New York Yankees 2009 Minor League Review
Overall farm rankings via Baseball America (2009)
2009 (15) | 2008 (5) | 2007 (7) | 2006 (17) | 2005 (24) | 2004 (27)
Record of Major and Minor League Teams
MLB: [103 – 59] AL East – World Series Champions
AAA: [81 – 60] International League
AA: [69 – 72] Eastern League
A+: [77 – 56] Florida League
A: [74 – 65] South Atlantic
A(ss): [47 – 29] New York – Pennsylvania League
R: [33 – 27] Gulf League
The Run Down
Not that the Yankees had a down year or anything like that. For all you naysayers that claim the Yankees don’t have a good farm system and don’t develop talent, here is news for you. In the trade to acquire Javier Vazquez, they traded Michael Dunn who posted a 12.2 K/9 in 73 1/3 IP this year across Double and Triple-A (though his walk rate nearly double from 2008, coming in at 5.6 BB/9). Oh, and Arodys Vizcaino isn’t a steroid that Alex Rodriguez used, but a flame throwing righty that may be the steal of the deal (like Neftali Feliz was in the Teixeira trade from Atlanta to Texas). Also, Ian Kennedy, Melky Cabrera and Austin Jackson were traded for improvements at the major league level. The effing Yankees have talent in their farm system, but it usually doesn’t last long enough to develop out into the majors for their team. However, there are a few players that could come take the league by storm with an aging team (Jeter, Posada, and Mariano Rivera) looking to inject some youth. There may never be a true youth movement in the Bronx like the Tampa Bay Rays used to make the World Series in 2008, but this may be the closest they may come for some time.
Arizona Fall League Players – Surprise Rafters
Pitchers – Grant Duff, Micheal Dunn (traded to Atlanta), Ian Kennedy (traded to Arizona), Zach Kroenke
Hitters – (C) Austin Romine, (1B) Brandon Laird, (OF) Colin Curtis
Players of Interest
#2 – Jesus Montero | C | A+/AA | 19 | .337/.389/.562 | 347 AB | 25 2B | 17 HR | .225 ISO | 47:28 K:BB | .357 BABIP | 40.6 GB% | 18.8 LD% | 39.9 FB%
Pujols is a hitting machine, Jeter is clutch, and Montero is just another hyped catcher (I am looking at you Wieters, no, check that, J.R. Towles). All right, Jesus Montero may not be Towles, but he isn’t Jesus either, that is reserved for Babe Ruth. Scouts and insiders in the Yankee organization claim that Montero is the best pure hitter developed by the Yankees since Derek Jeter, albeit with much more power. Another thing in common with Jeter – he can’t field. Maybe not quite fair to Jeter who, by UZR standards, had a much better year than anyone could have imagined. I could reference a whole bunch of stats, however, all of them point to him pounding the ‘roids out of the ball and simply raking. His splits between High-A and Double-A were nearly identical. He needs more at-bats in the minors and should provide depth come September. Long term he is a DH, not a catcher, especially with Austin Romine just a step behind Montero. Keep your expectations for 2010 in check. 2011, that’s a different story.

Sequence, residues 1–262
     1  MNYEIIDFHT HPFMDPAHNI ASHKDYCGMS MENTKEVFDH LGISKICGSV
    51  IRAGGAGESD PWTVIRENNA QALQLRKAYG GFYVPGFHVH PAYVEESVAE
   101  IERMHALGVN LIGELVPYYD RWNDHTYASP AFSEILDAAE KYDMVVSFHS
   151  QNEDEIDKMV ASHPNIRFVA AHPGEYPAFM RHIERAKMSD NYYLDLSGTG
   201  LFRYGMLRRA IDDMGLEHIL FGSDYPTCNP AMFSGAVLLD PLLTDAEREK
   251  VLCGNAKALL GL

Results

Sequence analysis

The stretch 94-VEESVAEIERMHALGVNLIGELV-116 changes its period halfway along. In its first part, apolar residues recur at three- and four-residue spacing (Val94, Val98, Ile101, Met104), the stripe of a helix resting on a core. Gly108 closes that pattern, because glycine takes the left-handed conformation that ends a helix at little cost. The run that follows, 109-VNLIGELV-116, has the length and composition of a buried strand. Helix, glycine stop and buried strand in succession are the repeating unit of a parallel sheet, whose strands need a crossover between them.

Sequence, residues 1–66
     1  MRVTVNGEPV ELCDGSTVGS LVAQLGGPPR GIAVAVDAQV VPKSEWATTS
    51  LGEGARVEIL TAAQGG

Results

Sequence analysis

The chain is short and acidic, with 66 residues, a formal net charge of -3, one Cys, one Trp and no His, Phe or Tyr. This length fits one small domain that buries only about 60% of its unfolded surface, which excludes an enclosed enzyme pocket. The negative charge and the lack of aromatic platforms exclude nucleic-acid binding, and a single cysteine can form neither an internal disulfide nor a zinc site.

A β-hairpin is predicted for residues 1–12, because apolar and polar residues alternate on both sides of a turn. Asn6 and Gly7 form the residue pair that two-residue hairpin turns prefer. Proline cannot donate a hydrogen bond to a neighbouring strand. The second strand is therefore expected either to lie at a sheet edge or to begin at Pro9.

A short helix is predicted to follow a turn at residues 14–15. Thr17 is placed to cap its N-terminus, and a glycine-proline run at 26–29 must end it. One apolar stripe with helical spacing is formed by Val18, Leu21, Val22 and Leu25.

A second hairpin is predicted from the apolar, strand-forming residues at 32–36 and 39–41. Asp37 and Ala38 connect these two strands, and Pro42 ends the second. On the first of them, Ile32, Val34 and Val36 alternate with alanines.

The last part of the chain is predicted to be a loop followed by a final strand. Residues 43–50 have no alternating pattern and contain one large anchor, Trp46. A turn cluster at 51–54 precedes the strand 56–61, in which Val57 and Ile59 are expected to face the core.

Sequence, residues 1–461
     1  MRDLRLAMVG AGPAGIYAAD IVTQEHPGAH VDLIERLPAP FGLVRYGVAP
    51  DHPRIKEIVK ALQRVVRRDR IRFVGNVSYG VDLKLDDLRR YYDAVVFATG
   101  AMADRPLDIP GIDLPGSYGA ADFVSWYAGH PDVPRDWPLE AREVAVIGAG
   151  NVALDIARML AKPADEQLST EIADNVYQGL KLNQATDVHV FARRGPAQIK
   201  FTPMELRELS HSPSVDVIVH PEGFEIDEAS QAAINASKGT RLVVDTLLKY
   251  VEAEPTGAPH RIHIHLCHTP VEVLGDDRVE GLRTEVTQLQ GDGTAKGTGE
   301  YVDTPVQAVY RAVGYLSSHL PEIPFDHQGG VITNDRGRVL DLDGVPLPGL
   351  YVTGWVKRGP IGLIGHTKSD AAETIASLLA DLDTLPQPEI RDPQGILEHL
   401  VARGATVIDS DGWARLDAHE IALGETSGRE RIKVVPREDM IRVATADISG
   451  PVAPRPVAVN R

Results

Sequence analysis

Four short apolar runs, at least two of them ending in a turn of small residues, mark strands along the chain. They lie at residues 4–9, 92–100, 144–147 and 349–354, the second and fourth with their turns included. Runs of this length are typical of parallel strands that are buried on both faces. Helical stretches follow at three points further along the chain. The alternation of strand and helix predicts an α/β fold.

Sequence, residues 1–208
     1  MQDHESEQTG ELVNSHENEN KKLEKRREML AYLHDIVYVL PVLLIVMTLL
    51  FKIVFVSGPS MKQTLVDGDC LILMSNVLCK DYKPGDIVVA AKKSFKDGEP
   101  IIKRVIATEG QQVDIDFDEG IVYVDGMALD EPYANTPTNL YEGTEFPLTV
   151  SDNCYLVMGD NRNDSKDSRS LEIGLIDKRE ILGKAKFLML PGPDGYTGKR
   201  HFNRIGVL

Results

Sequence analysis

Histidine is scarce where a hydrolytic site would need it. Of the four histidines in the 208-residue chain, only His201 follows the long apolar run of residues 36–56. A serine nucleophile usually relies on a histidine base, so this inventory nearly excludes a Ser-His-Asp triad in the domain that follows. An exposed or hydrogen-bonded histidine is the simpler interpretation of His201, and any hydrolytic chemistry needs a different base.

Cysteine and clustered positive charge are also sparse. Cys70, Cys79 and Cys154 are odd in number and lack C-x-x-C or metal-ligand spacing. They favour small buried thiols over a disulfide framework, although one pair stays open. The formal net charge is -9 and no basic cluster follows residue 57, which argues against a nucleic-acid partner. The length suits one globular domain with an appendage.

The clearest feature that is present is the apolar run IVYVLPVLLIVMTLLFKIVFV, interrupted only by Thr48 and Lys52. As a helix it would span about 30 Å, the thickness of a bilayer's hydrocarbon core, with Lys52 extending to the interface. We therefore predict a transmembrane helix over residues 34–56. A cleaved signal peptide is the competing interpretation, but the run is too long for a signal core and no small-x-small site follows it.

#4 – Austin Romine | C | A+ | 20 | .276/.322/.441 | 441 AB | 28 2B | 13 HR | .165 ISO | 11/5 SB/CS | 78:29 K:BB | .303 BABIP | 42.1 GB% | 12.8 LD% | 45.1 FB%
Speaking of Romine, here is the future back stop of the Yankees. He plays good defense, has a strong arm, but lacks some technique that he is working on. Furthermore, he has good power potential, think 20 to 25 homers, and puts the ball into play. With Jorge Posada’s contract ending in 2011, Romine and Montero both look to be on track to filling that void.
#6 – Zach McAllister | RHP | AA | 21 | 7.1 K/9 | 2.5 BB/9 | 121 IP | 2.23 ERA | 3.22 FIP | 1.08 WHIP | .3 HR/9 | .279 BABIP | 47.5 GB% | 13.3 LD% | 33.3 FB%